Koh Rong


Koh Rong is currently one of THE hotspots of South East Asia.

It’s a little island off the Coast of Sihanoukville in Cambodia and is developing quickly… so quickly in fact that in the time since I’d booked accommodation and arrived (less than 3 months), there were already two new accommodation spots on the island, with another one being built.

The thing that is drawing people there in droves is that it is being touted as what Thailand’s Southern beaches were like 30 years ago, before the touts, the resorts, the rampant sex industry. I know that’s what got me there along with the fact that I could stay in a treehouse, lounge in a hammock and do little else for the duration of our trip.

The Island has been sold to a developer who is going to turn it into an eco resort… before I went I had strong feelings that this simply shouldn’t be allowed to happen, but after our visit, well, things have changed.


The island has beautiful resources – pure white sandy beaches that are 28 degrees celcius warm during the day, undisturbed jungles in the middle of the island and dive sites in the warm waters. It is a haven from this mad and busy world.

With the level of building currently going on, though, how can this be preserved? The island is growing in popularity and the number of guests growing… as is the amount of sewage, food required, number of boats… on and on. This is not being managed to preserve the natural beauty of the island at the moment, or so it would seem, so having a managed plan might actually be the best way of preserving the unique elements of the island… but then, apparently there is a golf course planned, so perhaps not.


We stayed for two nights in a treehouse bungalow (US$30 a night), which was magical, even if our bathroom made us squeamish. It’s not the Ritz, for sure!


On our full day, I paid $75 for two refresher dives from a boat (group of 3 with one dive master and a DM in training) and for the boy to snorkel. The boy didn’t enjoy the snorkelling so much, so I skipped my second dive to hang out with him and do flips off the back of the boat… still major fun and super inclusive. We were stung by jellyfish spores, which sounds a bigger deal than it was, but stayed in the water anyway. I have a video of the boy jumping in and rising to the surface in a pile of bubbles, but no need to bore anyone!

OLYMPUS DIGITAL CAMERAOn our second full day we lounged in the water, hammocks, beachside cafes and more. We swam so much in that turquoise water and caught up with people we’d met on the boat. There is a smug kind of smile that every guest shares on the island, like we’re the ones that have discovered a secret paradise and know how lucky we really are.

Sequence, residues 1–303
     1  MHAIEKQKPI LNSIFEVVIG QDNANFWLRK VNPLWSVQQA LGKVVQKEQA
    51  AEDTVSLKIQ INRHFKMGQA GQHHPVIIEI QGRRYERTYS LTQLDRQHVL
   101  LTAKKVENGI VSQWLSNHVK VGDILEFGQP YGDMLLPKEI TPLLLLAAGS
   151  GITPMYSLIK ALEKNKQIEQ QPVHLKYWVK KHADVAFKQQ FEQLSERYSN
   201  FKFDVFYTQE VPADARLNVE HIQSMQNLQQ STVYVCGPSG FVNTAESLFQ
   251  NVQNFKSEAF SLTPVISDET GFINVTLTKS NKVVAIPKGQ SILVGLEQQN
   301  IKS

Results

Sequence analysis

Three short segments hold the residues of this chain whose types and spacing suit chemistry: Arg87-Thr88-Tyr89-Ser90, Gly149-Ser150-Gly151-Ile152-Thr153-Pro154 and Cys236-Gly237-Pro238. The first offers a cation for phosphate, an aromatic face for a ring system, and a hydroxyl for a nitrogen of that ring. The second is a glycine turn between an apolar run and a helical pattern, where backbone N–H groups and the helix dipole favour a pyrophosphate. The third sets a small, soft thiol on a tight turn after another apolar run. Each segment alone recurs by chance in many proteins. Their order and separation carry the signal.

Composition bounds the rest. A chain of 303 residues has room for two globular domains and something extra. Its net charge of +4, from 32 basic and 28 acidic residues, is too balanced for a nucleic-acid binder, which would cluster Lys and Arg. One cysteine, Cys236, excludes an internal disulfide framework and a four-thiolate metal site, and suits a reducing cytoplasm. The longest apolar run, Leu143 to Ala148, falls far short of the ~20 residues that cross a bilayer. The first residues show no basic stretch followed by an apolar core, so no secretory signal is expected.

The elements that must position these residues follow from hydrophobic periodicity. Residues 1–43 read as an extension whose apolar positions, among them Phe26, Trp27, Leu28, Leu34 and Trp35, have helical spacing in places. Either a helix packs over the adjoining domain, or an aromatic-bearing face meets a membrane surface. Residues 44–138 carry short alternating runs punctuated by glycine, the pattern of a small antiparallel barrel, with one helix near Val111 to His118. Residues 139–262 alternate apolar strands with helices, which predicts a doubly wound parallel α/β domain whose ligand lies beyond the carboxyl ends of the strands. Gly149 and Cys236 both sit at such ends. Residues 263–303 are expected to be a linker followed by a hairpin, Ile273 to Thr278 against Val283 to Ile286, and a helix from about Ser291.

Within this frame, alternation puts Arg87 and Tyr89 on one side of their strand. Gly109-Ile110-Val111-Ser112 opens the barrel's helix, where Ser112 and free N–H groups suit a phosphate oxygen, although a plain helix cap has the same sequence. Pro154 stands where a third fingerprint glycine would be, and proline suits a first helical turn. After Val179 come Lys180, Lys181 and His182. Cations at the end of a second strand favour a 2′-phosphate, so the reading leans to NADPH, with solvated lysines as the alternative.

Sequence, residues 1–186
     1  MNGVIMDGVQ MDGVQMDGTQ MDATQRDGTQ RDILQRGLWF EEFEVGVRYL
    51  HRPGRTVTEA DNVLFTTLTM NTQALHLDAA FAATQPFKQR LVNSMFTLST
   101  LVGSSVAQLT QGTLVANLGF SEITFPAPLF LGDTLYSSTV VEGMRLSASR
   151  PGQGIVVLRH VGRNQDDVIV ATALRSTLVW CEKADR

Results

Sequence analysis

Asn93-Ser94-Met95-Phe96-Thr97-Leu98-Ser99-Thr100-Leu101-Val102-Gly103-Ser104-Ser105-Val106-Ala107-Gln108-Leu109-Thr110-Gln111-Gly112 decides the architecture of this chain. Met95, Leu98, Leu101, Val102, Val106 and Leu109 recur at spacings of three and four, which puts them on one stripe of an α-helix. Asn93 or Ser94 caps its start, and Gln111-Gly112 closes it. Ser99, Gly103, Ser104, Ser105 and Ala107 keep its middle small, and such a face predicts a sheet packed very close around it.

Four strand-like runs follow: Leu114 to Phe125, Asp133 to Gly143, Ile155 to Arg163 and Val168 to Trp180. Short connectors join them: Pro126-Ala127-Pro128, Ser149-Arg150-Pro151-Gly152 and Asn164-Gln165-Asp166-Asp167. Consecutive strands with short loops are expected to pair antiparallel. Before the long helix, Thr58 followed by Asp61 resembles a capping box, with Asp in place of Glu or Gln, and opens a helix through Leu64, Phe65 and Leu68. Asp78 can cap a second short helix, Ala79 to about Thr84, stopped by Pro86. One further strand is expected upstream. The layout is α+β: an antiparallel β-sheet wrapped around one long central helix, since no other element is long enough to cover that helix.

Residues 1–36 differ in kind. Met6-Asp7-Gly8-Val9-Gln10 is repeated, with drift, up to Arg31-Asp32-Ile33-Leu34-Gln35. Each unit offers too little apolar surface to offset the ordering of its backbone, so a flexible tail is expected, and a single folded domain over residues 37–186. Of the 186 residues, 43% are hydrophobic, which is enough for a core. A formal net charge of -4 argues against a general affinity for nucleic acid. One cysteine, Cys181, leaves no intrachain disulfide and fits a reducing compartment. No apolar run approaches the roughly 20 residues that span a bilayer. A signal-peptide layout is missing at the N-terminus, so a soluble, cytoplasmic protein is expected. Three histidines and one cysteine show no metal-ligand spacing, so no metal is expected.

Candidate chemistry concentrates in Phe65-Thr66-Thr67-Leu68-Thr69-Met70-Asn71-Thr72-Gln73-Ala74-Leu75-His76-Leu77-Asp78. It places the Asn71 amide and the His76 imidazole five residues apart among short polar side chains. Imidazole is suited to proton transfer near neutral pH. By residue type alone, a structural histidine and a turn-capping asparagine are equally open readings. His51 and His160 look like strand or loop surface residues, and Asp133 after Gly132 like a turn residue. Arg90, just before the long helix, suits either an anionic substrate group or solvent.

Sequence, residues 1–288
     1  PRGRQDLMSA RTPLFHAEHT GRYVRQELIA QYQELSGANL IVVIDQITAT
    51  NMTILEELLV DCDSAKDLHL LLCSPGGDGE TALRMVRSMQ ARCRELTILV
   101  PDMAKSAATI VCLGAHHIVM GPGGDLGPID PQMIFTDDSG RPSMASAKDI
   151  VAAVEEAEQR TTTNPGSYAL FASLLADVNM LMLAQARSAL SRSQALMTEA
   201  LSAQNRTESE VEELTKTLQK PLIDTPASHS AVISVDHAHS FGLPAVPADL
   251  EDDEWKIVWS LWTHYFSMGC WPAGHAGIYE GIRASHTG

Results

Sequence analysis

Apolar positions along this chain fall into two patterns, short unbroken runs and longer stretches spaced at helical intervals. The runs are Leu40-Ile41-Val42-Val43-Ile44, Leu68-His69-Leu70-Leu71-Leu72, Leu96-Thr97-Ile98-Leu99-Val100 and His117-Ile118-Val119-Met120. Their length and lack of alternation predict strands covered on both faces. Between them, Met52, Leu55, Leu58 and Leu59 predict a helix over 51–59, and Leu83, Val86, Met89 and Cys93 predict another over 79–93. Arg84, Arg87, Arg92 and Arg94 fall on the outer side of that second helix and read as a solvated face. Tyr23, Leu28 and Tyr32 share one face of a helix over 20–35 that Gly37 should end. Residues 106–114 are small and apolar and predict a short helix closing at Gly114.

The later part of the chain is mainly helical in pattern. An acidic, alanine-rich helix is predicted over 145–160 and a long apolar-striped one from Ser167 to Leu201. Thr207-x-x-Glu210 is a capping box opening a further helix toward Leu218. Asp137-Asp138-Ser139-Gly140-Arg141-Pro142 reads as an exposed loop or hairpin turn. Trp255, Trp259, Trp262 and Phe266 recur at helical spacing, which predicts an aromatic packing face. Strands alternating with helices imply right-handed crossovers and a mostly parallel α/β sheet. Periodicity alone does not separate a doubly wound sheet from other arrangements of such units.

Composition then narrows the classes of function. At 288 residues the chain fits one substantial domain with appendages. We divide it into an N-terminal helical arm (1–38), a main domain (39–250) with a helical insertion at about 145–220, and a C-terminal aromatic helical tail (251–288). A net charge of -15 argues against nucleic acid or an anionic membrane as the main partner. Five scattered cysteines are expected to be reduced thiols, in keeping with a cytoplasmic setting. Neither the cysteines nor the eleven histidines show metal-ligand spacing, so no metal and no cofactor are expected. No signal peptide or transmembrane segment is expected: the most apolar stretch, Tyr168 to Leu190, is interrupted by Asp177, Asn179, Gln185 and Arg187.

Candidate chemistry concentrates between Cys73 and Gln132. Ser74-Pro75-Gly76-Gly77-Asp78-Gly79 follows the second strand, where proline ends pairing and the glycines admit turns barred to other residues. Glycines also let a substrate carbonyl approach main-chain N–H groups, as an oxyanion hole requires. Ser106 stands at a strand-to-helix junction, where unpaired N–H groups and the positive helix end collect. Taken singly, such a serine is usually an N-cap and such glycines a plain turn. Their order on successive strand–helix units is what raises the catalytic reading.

It was also the only place on our trip that I really felt comfortable enough releasing the boy off his big Western leash. The man assisting me with our booking gently chided me for babying him too much, a sweet reminder that I’m attempting to grow a person, not a child.

Ohhh, a few more things about the island:

There are dogs everywhere.

There are two Khmer island communities… These are townships made up with corrugated tin homes, boilers, single room houses and the trappings of poverty. This is a community that is currently reaping the benefits of cashed up tourists who are too lazy to do their own laundry (like me. I paid US$1.75 for all of the boy and I’s clothes to be washed by someone else). It’s not for the faint hearted, though, as the smell is intense. It offers bonuses, though, like the wedding we got to witness!


I guess the big thing is, ultimately, whether we enjoyed it or not. That is an absolute no-brainer. We loved it and cannot wait to return with my beloved spouse as soon as possible. I don’t know if we’ll stay on Koh Rong on the busy side, again… I think we’d either stay on the other side of the island or on Koh Rong Samloen. For this trip, though, being close to people was important as it was just the boy and I.

I seriously miss this Island way of life so much and the idea of it being years before we return makes me immeasurably sad. Sooner, rather than later is the order of the day for Koh Rong.

How to get to Koh Rong:

Catch a 2.5 hour ferry from Sihanoukville. You can liase directly with Koh Rong Dive (who operate Treehouse Bungalows and Coco’s) or book through one of the Sihanoukville travel agents. 


Melbourne 2010, through my lens

Citigate Flinders St, Melbourne

Turkish Delight Macaroon, Queen Victoria Market

Babushka Shop, Royal Arcade

Sunshower, Flinders Street

My boys, Flinders Street Station

Brunswick Bookstore, Sydney Road